Olive Oil Cultivars: A Primer

Just as there are many varieties of apples and tomatoes and wine grapes, there are different kinds of olive trees—over 2,000 catalogued olive cultivars in the world. Some are so similar it would take an expert (or even DNA sequencing in a lab) to tell them apart. Others are incredibly different. They grow in disparate climates, look completely different and their olives vary in size, oil content, taste, ripening time and chemical characteristics.

Just like grape varieties express certain flavors in wine, olive cultivars create specific tastes and characteristics in extra virgin olive oils. And as with wine, the variety of olive is just one of many factors determining the quality and personality of an olive oil. Drinking a Chardonnay from Burgundy is most likely going to be a vastly different experience from sipping a California Chard, which will again taste nothing like a South African or Argentinean Chardonnay. Producing extra-virgin olive oil is a time-honored craft that relies on myriad elements, including the climate, culture and history; irrigation and drainage where the olive trees grow; the health and ripeness of the olives; the oil extraction system; and the maturity of fruit and the method of harvesting [How Gaea is Made] and the type or cultivar of olive. All of these influence the final product. Still, superior olive oil must always begin with highest quality olives.

Gaea’s Cultivars

Every olive cultivar has its own unique characteristics that producers have perfected over generations. Some producers blend varieties to offer even more variety. Gaea’s growers start with the finest varieties of healthy, thriving olives to make our award-winning oil.

Koroneiki

The most famous Greek olive for producing oil is the Koroneiki, which has been cultivated in the Peloponnese for nearly a thousand years. It’s also the most prolific olive cultivar in Greece; nearly 60% of all Greek olive oil production is Koroneiki. These olives are tiny in size and can produce extraordinary olive oil. Koroneiki olive trees flourish in the warm Mediterranean, yet are hearty enough to weather cold winter. When picked while green, the olive makes a zesty, aromatic oil with a complex aroma, often with hints of grass and notes of the vegetables that grow in the region.

At Gaea, we use the Koroneiki olive for many of our oils. The Olive Japan and Terraolivo award-winning Kalamata D.O.P extra-virgin olive oil, made with Koroneiki olives from the Kalamata region, is peppery with pungent notes of green olive and almond. Its big flavor makes it perfect for pairing with other bold foods—grilled meats and veggies, salads with feta cheese and olives, or antipasti.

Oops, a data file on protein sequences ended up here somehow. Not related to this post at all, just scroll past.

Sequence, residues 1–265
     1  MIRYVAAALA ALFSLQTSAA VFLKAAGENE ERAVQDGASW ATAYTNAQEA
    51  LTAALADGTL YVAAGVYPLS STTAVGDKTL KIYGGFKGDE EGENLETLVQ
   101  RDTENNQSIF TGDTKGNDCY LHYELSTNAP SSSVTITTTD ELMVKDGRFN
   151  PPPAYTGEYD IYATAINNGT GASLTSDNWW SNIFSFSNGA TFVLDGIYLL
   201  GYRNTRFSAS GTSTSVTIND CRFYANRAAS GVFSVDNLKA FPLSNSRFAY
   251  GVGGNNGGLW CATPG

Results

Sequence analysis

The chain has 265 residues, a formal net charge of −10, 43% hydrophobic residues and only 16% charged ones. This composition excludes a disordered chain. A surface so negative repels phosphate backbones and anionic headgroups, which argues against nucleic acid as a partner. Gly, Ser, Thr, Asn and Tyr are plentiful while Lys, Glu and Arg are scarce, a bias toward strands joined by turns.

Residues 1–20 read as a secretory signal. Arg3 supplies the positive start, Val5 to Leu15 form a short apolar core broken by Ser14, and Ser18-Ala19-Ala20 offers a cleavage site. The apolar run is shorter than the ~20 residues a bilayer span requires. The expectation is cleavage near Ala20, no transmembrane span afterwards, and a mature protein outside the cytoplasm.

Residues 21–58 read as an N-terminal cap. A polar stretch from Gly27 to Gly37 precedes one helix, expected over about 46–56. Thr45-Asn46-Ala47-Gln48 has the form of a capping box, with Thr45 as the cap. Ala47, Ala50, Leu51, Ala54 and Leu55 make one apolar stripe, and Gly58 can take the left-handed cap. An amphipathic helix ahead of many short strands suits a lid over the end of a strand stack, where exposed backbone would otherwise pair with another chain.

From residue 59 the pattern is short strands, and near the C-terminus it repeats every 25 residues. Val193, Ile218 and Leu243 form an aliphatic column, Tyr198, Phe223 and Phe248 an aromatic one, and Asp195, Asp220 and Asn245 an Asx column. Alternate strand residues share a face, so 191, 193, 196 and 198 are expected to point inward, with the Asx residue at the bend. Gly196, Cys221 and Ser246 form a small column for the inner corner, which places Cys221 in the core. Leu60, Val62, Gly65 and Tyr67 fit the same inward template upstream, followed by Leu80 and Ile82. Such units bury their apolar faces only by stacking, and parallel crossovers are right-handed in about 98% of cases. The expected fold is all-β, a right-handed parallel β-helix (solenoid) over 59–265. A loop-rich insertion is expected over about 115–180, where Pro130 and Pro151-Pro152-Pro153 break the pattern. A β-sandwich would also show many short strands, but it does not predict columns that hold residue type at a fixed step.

Our Los Angeles International Olive Oil Competition and Olive Japan award-winning P.D.O. Sitia is made of Koroneiki variety from the most celebrated olive oil producing territories in the world in Crete. Although these two oils are made from the same cultivar, their flavor is totally distinct. Sitia is fruity and aromatic, and medium-bodied to Kalamata D.O.P’s punchy. It’s a gorgeous, harmonious oil, wonderful with grilled fish and lamb chops, or for dipping with bread or veggies.

Agrielia

Los Angeles International Olive Oil Competition, Athena International Olive Oil Competition and Olive Japan award-winning Vranas Estate is a limited reserve single varietal olive oil. The Agrielia (wild olive) variety used to produce this olive oil is unique to the northeast Aegean Sea and one of the most sought after cultivars of Lesvos, an island recognized since ancient times as one of the greatest olive oil producing regions in Greece. The Agrielia olives flourish on ancient trees exposed to the sun for more than 3,000 hours each year, which allows the fruit to acquire a distinctive, warm aroma and flavor. It’s as if they taste of Greece’s sunshine. The hand-picked olives are “cold-pressed” immediately after harvesting in a privately owned mill, and the oil has exceptionally low acidity at bottling time. Plus, a portion of the proceeds from the sale of this olive oil supports the Vranas Olive Press Museum, which honors the legacy of extra-virgin olive oil and its rich history. That’s something we can get behind.

Vranas Estate has elegant, delicate flavors of tomato leaf and a greenly fruity aftertaste. There’s a little bit of apple on the finish, plus plenty of refinement and complexity. It’s lovely drizzled generously over raw and roasted veggies, grilled meat and pasta.

In conclusion, it’s not just about the olives…and yet it’s all about the olives! Enjoy.

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